Banks made an interesting suggestion – that consultants’ work be subjected to peer review – but that would require the government to actually release the reports that we pay for, something that is becoming increasingly uncommon. How often do we hear the call “This is a report to government, not by government,” thus abrogating responsibility and accountability – the buck stops nowhere.
I would go further and suggest that any government contracts actually contain penalties for failure to deliver rather than profit protection for the other party as is so often the case.
The job of a Minister used to be to oversee the efficient and effective delivery of the government services but this has changed as Richard Denniss points out.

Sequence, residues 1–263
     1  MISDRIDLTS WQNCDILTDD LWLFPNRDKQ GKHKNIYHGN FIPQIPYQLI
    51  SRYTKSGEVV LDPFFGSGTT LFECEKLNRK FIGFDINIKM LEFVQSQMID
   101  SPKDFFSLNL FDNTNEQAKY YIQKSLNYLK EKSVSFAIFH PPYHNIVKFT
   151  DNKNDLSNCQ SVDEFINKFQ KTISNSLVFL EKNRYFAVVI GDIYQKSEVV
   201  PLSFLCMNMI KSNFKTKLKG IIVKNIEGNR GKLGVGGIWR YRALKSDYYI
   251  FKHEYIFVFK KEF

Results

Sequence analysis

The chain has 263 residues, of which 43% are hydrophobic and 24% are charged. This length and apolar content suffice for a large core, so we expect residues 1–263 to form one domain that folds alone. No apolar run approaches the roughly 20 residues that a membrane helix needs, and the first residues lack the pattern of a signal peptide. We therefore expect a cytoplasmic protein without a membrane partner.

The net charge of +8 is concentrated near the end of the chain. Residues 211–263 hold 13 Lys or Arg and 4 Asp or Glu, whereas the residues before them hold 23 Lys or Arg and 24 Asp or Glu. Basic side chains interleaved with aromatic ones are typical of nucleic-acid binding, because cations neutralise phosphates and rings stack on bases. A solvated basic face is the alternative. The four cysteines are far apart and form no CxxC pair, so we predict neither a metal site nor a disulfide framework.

“the neoliberal obsession with privatising and outsourcing the actual delivery of services to the private sector, combined with enormous growth in the number of taxpayer-funded “personal staff” in ministerial offices, has fundamentally changed the role of minister. Rather than focus on the enormous, if often tedious, job of managing the delivery of essential services, the modern minister is often more interested in “shaking things up”. While identifying room for improvement is part of the job, announcing grand plans to drive future efficiency is no substitute for delivering actual efficiency.